Join in the cheer of the season with a Christmas Bird Count. Not only is it good fun, but it also provides valuable scientific data on bird populations. Last year 267 bird watchers joined in, spotting 124 species. Why not help break the record? Along with fantastic bird watching, birders will meet like-minded people with whom to share experiences and knowledge. The data collected is sent to the Cornell University Laboratory of Ornithology. So wrap up warmly and grab your binoculars for this fantastic event. For more info, check out the Audubon of Portland website.

Dates: 31 December 2011
Times: 06h00 to 18h00
City: Portland
State: Oregon
Country: United States of America

Sigurgeirs Bird Museum in Iceland

October 11, 2011 by  
Filed under Miscellaneous

Surrounded by volcanic landforms and wetlands, Lake Mývatn, located near the Krafla volcano in the north of Iceland, is home to a wide range of birdlife, particularly waterfowl. Its rich biodiversity and intriguing geology continues to attract biologists, naturalists, geologists and bird watchers from around the world. It was in these beautiful surroundings that Sigurgeir Stefánsson was raised, and his love for birds became evident. The results of his life-long interest in birds can be viewed in the fascinating Sigurgeirs Bird Museum where his collection of more than 300 birds, representing around 180 species, is displayed.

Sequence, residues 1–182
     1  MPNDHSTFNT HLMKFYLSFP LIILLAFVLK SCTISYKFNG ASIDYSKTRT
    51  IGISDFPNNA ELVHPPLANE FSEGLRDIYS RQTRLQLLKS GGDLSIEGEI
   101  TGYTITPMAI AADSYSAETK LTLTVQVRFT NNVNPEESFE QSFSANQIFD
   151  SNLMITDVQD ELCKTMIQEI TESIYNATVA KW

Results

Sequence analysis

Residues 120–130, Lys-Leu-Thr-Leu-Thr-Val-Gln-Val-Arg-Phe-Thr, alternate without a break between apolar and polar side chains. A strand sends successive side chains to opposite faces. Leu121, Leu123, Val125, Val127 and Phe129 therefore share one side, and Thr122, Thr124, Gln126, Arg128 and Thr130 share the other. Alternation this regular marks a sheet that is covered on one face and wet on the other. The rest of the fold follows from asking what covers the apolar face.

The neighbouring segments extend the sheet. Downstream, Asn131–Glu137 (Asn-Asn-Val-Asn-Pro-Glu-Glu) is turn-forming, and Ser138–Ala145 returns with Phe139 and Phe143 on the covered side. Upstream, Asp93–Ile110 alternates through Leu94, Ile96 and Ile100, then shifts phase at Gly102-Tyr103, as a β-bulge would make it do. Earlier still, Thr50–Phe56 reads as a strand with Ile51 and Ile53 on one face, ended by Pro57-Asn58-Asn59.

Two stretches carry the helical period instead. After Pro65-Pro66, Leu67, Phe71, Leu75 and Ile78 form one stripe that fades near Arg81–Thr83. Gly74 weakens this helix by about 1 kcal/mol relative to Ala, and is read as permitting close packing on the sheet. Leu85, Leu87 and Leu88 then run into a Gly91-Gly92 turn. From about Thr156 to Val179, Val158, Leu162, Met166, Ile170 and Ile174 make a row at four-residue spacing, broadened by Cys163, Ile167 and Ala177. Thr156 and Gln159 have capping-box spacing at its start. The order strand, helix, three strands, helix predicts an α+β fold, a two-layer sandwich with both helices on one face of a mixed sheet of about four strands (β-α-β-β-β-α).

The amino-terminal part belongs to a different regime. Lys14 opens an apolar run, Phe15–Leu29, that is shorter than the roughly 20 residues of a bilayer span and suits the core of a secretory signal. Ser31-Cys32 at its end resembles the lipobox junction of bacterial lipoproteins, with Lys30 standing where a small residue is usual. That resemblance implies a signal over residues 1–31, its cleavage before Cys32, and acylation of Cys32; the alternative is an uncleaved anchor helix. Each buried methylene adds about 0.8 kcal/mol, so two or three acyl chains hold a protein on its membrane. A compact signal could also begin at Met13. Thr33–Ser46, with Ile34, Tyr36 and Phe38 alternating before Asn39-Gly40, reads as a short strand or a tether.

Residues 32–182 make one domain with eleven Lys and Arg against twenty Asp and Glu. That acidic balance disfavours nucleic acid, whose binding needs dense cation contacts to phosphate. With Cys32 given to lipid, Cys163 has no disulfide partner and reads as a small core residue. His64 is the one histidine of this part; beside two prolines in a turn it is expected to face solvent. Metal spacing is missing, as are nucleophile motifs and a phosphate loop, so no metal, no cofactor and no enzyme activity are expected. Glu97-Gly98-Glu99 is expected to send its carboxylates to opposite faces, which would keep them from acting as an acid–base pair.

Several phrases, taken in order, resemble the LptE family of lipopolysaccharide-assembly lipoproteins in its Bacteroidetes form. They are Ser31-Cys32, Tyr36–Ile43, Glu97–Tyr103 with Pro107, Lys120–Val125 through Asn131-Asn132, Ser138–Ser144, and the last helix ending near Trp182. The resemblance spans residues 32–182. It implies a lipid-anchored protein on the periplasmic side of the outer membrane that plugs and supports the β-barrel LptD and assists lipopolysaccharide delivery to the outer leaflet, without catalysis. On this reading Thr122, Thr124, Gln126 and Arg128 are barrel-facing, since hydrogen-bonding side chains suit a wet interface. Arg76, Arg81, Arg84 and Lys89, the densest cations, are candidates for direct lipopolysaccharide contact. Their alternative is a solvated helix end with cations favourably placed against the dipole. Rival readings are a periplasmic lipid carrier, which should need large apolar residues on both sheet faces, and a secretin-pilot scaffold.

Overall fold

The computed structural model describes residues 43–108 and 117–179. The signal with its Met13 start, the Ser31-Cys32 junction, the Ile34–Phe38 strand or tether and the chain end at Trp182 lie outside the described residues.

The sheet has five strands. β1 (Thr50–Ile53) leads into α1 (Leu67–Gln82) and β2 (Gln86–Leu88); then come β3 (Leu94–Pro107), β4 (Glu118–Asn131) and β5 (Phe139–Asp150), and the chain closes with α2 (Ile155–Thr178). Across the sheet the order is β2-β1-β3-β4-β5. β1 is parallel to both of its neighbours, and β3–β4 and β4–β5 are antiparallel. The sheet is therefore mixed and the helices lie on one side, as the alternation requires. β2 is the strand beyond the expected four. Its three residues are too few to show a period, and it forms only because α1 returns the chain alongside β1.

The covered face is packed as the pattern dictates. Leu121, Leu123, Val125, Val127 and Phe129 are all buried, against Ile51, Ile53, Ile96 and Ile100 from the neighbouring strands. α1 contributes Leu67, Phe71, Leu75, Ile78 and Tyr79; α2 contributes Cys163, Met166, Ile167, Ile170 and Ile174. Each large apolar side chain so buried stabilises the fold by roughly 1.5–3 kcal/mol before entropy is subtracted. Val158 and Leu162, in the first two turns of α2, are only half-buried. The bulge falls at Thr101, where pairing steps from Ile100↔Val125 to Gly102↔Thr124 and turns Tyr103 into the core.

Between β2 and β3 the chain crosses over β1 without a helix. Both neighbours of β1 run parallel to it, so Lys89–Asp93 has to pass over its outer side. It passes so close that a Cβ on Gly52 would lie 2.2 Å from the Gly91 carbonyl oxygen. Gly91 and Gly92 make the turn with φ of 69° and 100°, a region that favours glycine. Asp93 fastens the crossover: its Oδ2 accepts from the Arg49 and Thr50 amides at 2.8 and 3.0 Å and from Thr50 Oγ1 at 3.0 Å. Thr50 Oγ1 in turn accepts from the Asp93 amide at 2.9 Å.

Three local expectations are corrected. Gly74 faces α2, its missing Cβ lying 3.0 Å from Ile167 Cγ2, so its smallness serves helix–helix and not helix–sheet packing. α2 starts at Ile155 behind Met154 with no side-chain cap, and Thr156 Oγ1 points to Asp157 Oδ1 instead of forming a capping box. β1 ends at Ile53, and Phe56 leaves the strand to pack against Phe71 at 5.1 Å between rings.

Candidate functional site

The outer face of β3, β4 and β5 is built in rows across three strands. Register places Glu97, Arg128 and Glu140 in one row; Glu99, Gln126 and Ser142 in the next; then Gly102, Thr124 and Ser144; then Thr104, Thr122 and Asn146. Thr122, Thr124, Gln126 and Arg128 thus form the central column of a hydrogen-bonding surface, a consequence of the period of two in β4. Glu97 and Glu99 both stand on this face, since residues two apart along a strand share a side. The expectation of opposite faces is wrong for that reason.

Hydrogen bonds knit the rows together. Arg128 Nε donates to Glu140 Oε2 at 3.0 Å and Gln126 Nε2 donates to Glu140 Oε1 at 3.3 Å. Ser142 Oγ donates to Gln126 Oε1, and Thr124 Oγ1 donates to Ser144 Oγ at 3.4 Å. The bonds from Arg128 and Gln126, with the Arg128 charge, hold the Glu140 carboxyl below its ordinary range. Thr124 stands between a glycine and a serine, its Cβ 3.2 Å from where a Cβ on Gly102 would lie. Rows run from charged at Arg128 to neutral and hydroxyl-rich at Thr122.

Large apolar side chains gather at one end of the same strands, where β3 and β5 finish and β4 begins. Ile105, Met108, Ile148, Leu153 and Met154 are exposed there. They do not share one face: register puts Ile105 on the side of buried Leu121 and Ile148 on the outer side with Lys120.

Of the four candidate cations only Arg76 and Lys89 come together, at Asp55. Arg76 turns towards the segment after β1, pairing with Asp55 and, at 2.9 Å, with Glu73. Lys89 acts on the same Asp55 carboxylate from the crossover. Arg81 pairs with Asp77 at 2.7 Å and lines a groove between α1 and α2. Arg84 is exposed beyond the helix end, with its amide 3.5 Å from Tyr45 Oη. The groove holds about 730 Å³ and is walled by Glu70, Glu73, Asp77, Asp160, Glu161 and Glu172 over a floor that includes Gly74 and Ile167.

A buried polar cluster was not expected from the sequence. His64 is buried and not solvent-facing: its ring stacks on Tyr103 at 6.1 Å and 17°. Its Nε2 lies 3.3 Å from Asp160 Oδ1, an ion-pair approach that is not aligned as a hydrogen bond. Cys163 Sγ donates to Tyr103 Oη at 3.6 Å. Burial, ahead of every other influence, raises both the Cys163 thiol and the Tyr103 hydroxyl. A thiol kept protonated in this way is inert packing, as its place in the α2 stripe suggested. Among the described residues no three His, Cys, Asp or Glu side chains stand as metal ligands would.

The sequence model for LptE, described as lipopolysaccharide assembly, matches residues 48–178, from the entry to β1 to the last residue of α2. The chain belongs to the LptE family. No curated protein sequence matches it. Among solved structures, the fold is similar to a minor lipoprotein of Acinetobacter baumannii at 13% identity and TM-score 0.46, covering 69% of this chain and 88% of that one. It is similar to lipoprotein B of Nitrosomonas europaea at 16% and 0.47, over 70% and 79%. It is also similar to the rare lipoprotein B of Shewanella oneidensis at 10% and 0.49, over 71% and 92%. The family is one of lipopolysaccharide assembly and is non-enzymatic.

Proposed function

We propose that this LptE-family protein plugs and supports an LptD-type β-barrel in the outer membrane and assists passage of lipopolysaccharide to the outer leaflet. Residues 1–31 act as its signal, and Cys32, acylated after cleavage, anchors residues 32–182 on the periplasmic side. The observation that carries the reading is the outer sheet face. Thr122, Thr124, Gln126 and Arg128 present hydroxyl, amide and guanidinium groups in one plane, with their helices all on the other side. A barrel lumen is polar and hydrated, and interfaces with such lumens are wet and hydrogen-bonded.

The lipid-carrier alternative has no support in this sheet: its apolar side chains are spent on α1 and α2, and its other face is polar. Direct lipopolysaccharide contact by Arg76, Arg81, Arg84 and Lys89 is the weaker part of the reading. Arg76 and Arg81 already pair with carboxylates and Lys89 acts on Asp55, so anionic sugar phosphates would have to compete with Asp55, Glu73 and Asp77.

Sigurgeir Stefánsson was born and raised on the Ytri-Neslönd farm, and spent his youth exploring his surroundings and collecting birds’ eggs. Soon he had specimens of all the indigenous Icelandic birds’ eggs, which he used to create a small natural history museum. At the age of 14 years, Stefánsson was given a bird that had been preserved by the process of taxidermy. This was the beginning of his bird collection, and any dead birds he, or his friends and neighbors found, were taken to the taxidermist for preservation.

Stefánsson’s collection grew until it had taken over his family’s house. It was later moved to a nearby shack and continued to grow, with other bird-lovers showing an interest in his work. While focusing on creating a complete collection of the birds of Iceland, Stefánsson also communicated and traded with ornithologists in other parts of the world, and his collection includes some exotic birds. He was often consulted by visiting researchers, as he had an intimate knowledge of the area and its feathered residents. He had expressed the desire to build a museum to properly display his collection for others to enjoy, but had no funds to make his dream a reality.